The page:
It's unlikely that, as Alexander Graham Bell said, 'Mr. Watson, come here. I want to see you,' in 1876 down the first practical telephone, the inventor could foresee just quite where the technology would take us. These days, the telephone - particularly in its mobile form - is undeniably ubiquitous. There's one in every pocket across the globe.
However, in terms of genuine advances, it's only relatively recently that we've seen some serious changes to the way we communicate via telephone. Sure, the device in which we make calls has changed considerably, but the way we make those calls is the same. And then along came VoIP.
VoIP - or Voice over Internet Protocol - uses wi-fi to connect us to each other, and it's growing more and more popular by the day, especially with easy-to-use services such as Microsoft's Skype and Apple's FaceTime. As broadband speeds get quicker, and decent wi-fi infrastructure is put in place, that popularity is only going to increase, both at home and in the office.
But why choose VoIP? Cost, for starters. Why pay separately, and by the minute, to make a telephone call when you can just as easily use the internet - which you pay for via your ISP - to speak to someone? Even VoIP services that are subscription-based or require an initial outlay for the VoIP box are, in the long run, cheaper. And as the marketplace becomes more competitive, we're going to see those costs fall. And fall. And fall. That means we'll reach a point where it costs the same to call your granny in Cheshire as it does to call your boss in Japan. And if, for whatever reason, you want to get your granny and your boss in the same conversation, VoIP effortlessly allows for conference calls.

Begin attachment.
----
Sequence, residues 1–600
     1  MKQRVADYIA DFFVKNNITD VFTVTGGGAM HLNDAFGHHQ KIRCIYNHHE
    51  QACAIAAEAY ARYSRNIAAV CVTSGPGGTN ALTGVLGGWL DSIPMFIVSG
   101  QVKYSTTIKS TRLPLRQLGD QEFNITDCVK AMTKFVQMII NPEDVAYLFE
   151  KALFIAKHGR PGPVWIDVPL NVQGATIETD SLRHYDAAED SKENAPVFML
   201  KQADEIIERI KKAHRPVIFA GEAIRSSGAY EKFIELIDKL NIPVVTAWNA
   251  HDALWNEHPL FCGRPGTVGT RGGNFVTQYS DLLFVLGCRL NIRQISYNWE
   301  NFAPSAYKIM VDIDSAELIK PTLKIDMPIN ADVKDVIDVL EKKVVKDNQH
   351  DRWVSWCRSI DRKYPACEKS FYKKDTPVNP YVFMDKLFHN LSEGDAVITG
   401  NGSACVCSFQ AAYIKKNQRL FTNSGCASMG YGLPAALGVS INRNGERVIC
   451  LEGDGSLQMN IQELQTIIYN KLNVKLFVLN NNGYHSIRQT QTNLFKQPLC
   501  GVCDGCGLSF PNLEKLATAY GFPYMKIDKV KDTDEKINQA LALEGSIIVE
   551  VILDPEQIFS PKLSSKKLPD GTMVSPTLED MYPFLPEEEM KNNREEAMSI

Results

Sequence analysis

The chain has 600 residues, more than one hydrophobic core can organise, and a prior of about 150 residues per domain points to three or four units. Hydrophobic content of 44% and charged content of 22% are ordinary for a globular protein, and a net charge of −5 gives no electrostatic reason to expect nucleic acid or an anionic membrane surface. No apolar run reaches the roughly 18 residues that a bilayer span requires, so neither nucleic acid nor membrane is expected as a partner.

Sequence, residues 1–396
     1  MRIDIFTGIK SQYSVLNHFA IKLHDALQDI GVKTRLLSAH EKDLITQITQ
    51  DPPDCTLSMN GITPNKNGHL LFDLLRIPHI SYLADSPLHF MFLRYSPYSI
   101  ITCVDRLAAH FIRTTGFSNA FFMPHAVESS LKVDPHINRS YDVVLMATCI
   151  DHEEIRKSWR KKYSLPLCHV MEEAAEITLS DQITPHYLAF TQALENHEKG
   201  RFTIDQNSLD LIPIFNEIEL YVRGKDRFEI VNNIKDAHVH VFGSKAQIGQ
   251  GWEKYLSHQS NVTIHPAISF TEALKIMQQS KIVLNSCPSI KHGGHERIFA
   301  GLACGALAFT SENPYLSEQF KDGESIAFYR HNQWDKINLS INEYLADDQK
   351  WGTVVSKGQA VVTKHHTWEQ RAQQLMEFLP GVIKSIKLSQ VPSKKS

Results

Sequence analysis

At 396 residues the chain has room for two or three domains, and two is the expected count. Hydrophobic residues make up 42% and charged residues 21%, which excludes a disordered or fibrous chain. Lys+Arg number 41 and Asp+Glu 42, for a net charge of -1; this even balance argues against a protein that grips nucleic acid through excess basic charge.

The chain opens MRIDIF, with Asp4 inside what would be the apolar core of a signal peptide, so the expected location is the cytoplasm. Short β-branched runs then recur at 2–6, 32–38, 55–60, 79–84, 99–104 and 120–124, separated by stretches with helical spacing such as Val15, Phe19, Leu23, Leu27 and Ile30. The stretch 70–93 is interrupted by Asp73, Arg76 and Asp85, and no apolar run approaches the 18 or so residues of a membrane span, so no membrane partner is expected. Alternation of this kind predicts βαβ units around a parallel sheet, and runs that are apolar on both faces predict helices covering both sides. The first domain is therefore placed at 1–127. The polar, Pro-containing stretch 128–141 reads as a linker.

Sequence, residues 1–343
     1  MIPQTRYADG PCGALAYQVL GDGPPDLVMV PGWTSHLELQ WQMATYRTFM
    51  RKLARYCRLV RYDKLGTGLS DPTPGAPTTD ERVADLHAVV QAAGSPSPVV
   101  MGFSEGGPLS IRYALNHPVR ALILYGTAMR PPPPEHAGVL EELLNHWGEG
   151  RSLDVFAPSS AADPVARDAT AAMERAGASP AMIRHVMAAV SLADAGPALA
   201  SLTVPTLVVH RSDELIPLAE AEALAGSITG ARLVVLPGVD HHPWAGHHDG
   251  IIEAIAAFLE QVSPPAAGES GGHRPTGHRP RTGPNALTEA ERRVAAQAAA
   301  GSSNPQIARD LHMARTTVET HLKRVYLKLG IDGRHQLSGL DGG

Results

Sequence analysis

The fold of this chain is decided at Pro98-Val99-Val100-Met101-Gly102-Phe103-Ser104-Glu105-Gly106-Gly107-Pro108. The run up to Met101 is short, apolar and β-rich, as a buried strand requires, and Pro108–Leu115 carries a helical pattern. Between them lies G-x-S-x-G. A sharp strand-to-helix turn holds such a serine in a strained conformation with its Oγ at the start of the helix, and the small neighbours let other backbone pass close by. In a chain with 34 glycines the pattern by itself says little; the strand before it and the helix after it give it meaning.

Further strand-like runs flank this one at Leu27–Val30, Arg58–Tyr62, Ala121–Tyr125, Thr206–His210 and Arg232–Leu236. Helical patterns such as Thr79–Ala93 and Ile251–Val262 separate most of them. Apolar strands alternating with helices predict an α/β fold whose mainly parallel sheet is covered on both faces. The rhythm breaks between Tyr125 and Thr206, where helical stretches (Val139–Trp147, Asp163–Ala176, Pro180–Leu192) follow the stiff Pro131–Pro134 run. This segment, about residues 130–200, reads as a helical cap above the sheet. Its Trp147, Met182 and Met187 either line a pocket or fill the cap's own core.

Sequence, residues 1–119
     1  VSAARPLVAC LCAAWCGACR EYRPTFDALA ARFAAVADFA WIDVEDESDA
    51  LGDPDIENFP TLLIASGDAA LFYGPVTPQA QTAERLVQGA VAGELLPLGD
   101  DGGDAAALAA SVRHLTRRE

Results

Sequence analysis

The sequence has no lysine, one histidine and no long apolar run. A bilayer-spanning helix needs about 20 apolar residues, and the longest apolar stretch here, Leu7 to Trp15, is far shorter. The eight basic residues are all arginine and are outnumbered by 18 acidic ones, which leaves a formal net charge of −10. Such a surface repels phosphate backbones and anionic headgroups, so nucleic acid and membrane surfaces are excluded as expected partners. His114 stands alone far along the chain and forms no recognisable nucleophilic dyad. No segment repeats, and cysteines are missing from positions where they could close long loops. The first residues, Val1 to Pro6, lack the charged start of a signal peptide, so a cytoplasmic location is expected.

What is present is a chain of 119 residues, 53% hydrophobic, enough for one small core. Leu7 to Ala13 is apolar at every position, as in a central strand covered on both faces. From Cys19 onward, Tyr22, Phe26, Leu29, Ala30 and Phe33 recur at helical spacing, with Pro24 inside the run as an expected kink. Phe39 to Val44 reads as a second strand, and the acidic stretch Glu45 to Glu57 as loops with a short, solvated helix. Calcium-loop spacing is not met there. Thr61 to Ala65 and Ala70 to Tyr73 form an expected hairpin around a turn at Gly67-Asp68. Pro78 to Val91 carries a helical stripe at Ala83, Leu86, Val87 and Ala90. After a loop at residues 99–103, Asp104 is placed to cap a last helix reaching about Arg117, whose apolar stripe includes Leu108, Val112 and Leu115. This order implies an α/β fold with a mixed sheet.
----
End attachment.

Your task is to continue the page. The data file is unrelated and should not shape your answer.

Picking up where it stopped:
VoIP services also embrace our ever-increasing social side. Want to buzz a photo across to your partner? Or see if your pal is online? Or send a video? You can do that too. It's a media-friendly service. Try doing all of that - or any of that, actually - on a traditional touch-tone phone!
Another factor is the digital clarity that an internet-based service can provide. So no more signals dropping out, crackled responses and having to act like an amateur ham radio operator to work out what the person at the other end of the line is saying. Wherever there's wi-fi, there's VoIP.
No two ways about it, as our internet infrastructure becomes stronger, we're going to see VoIP seriously proliferate. The next generation will laugh at our antiquated telephone systems the way we might snigger at the clunky Betamax. But what's the next innovation?
Currently there's a real emphasis on voice technology - that makes sense, it's the most common way to chat in real life, with real people. Often with dedicated VoIP facilities you'll currently require a box and handsets. That's unlikely to last in the future. More likely we'll see a rise in mobile VoIP, since we not only rely on our smartphones and tablets, they're with us all the time. We're already seeing a few mobile VoIP apps enter the market, and that's only going to grow.
Video calling, too, is likely to become standard, as our broadband becomes superior, stable and pervasive. But just imagine how amazing it will be when 2D calls make the leap to 3D video. Beyond that, even, could we one day reach the point where holographic representations of the people we call are beamed directly from our tablets and smartphones? IBM certainly think so.
We're on the cusp of a telephony revolution, with VoIP front and centre of that development. We've sure come a long way since Alexander Graham Bell invented the first telephone. But we're only now beginning to advance upon it.
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